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Flow Battery Structures to Improve Performance and Reduce Manufacturing Cost

Award Information
Agency: Department of Energy
Branch: N/A
Contract: DE-FG02-12ER86507
Agency Tracking Number: 99130
Amount: $1,000,000.00
Phase: Phase II
Program: STTR
Solicitation Topic Code: 21d
Solicitation Number: DE-FOA-0000782
Solicitation Year: 2013
Award Year: 2013
Award Start Date (Proposal Award Date): 2013-04-09
Award End Date (Contract End Date): N/A
Small Business Information
315 Huls Dr.
Clayton, OH -
United States
DUNS: 793274747
HUBZone Owned: No
Woman Owned: No
Socially and Economically Disadvantaged: No
Principal Investigator
 E. Taylor
 (937) 836-7749
Business Contact
 E. Taylor
Title: Dr.
Phone: (937) 836-7749
Research Institution
 Case Western Reserve University
10900 Euclid Avenue
Cleveland, OH 44106-7015
United States

 () -
 Nonprofit College or University

Redox flow batteries are a promising technology for electrical energy storage for renewable energy sources; however traditional redox flow batteries are limited in their use due to non-uniform pressure drops and mass transfer limitations, as well as high manufacturing costs related to the felt material costs for the electrode and component alignment challenges during manufacturing.General Statement of How this Problem is Being Addressed The program objective is to validate alpha/beta scale manufacturing of redox flow battery components with greater power/energy densities while substantially reducing stack components and associated manufacturing costs compared to current flow battery technology. By replacing the traditional felt electrode material with electrodes coupled with thin metallic bipolar plates that utilize specially engineered structures such as arrays of posts, pyramids and/or pillars, acceptable pressure drops can be realized while increasing reactant mass transfer rates, eliminating costs associated with the felt and component alignment.What was done in Phase I: Faraday and Case Western Reserve University utilized model electrode/bipolar plate structures to demonstrate manufacturing feasibility and simulation viability for a range of engineered feature sizes and limiting current densities in iron-iron flow battery tests. Flow battery bipolar plate structures that would yield a high limiting current density with acceptable pressure drop were identified, and will be fabricated in Phase II. Preliminary cost analyses showed that the electrode/bipolar plate components are cost-effective for a near-term low volume development market ($20-30 per plate) and a long-term high volume commercial market ($0.40 to $1.90 per plate).What is planned for the Phase II project: We will develop Design Rules and a Model for fabrication of electrode/bipolar plates for a range of flow battery chemistries and load leveling technologies. The initial test bed will be the Case iron hybrid battery, and subsequently we will work with a number of government and industrial collaborators for single-cell testing of their preferred chemistry, material and patterns. We will build an apparatus for limited rate initial production of plates for transition to Phase III commercial activities, and update our manufacturability/cost assessment. Commercial Applications and Other Benefits Improving the economics of redox flow batteries through reduced manufacturing costs could make them an attractive electrical energy storage system for traditional utilities, grid service providers and equipment suppliers. In addition, redox flow batteries can supplement renewable energy sources by storing power for delivery at peak demand. One potential specific market for economical redox flow batteries is in commercial buildings due to their large percentage of energy consumption.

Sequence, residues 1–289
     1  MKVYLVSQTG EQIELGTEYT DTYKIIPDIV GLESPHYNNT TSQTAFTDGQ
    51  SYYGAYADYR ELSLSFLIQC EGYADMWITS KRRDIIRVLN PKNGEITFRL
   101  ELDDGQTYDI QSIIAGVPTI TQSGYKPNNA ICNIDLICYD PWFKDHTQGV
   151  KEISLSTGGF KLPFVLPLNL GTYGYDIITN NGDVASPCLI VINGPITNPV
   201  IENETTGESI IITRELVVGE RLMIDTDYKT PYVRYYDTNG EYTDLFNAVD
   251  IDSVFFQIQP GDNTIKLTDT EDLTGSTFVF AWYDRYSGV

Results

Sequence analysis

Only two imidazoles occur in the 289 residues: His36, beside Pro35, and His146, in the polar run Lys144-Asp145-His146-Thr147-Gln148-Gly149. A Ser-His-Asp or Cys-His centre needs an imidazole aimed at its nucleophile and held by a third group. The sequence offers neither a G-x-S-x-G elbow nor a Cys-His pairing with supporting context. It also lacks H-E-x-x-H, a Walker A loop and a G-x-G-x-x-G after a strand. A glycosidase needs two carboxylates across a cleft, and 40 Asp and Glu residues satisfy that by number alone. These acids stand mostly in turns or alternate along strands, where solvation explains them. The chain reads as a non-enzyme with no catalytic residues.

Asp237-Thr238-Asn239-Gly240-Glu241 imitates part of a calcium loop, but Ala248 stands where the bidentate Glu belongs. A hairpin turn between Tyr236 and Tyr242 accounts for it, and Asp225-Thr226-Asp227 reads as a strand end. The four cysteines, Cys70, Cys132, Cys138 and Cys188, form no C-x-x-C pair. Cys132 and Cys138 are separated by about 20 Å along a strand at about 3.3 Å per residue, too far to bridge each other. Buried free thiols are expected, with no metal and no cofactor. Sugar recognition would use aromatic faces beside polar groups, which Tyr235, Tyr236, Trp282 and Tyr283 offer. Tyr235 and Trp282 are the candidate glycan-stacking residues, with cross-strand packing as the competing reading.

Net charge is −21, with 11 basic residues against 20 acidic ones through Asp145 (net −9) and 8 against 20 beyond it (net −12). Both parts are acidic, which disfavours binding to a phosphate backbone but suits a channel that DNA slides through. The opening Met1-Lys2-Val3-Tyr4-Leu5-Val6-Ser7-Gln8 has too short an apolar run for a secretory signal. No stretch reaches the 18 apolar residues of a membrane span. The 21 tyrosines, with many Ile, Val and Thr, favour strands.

* Information listed above is at the time of submission. *

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